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Server overriding; chroot (was: Google Summer of Code participation)

From: olafBuddenhagen
Subject: Server overriding; chroot (was: Google Summer of Code participation)
Date: Tue, 18 Mar 2008 16:38:55 +0100
User-agent: Mutt/1.5.17+20080114 (2008-01-14)


On Sun, Mar 16, 2008 at 12:47:23AM +0800, Wei Shen wrote:

> I read the project ideas list, and found "server overriding mechanism"
> is there. I have once tried investigating this issue, but failed to
> continue at last. Still, I wonder whether I should submit my
> modification to Glibc for an simple implementation of socket server
> overriding, though the work is rather minor (see attachment).

Well, it can certainly serve as a starting point :-)

> I also find "secure chroot implementation" in the list. IMHO, the
> unsafty of chroot is not caused by passive translator. In fact,
> currently chroot is implemented totally at client side by changing the
> INIT_PORT_CRDIR port matained by in Glibc. So, it is easy to escape
> from chroot by bypassing the file port resolving routine of Glibc, or
> just by modifying the CRDIR port. No need to exploit passive
> translators at all. We should first let the file server know and
> control chroot before making translators aware of it.

That's not true as far as I know. Of course, the process can easily
change it's own idea of what the root directory is. But that doesn't
help escaping the chroot. To access anything outside the chroot, the
process needs a port to the outside filesystem...

When creating a chroot, the port to the desired virtual root directory
is obtained, and the filesystem server responsible for that directory is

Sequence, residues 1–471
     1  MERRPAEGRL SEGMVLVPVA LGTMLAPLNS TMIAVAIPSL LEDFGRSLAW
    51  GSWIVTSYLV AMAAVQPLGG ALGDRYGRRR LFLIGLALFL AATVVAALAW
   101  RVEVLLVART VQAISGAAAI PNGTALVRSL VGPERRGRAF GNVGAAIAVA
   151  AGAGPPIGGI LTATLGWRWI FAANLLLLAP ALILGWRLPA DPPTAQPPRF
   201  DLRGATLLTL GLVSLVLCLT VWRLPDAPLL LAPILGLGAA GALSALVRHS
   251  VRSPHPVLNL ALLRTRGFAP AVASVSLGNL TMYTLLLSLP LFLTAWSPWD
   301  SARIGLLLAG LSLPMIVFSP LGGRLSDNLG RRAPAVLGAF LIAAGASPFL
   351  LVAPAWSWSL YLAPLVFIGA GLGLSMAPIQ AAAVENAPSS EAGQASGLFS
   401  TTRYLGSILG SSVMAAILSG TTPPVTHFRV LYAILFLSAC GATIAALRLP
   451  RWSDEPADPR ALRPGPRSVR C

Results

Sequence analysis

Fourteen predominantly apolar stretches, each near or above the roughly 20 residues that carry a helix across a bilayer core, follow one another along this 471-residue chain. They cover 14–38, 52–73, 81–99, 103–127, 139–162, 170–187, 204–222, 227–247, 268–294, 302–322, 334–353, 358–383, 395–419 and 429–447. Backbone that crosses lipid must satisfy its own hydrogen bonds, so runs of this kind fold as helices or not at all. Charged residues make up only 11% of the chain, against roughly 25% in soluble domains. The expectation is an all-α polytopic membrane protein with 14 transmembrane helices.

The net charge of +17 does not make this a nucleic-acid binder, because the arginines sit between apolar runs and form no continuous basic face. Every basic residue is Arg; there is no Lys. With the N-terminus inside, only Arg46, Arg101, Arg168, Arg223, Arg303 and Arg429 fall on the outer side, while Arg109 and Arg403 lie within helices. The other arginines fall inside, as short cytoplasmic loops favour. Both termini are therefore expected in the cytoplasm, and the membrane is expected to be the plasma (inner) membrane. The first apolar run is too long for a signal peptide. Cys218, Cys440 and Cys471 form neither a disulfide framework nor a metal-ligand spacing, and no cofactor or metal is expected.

told -- by means of the file_reparent() RPC -- to treat it as if it was
indeed a root directory; i.e. instead of following lookups for "..",
just return the same directory. This way, in theory the chrooted process
should never be able to access anything above it's virtual root.

Now the problem is that a chrooted process can create a passive
translator. When this translated node is accessed, the translator
process currently won't be started in the context of the chrooted
process, but in that of the normal global filesystem -- it has access to
everything, and can pass it on to the chrooted process.

There have been discussions about that in the past (unfortunately not
linked from the task description, though I hope that can be fixed
still...), and many possible solutions have been proposed. The hard part
is deciding on the best solution, and demonstrating in a convincing
fashion, that it indeed solves the problem. (Many of my suggested
solutions have been refused in the past, though only based on
misunderstanding I believe...)


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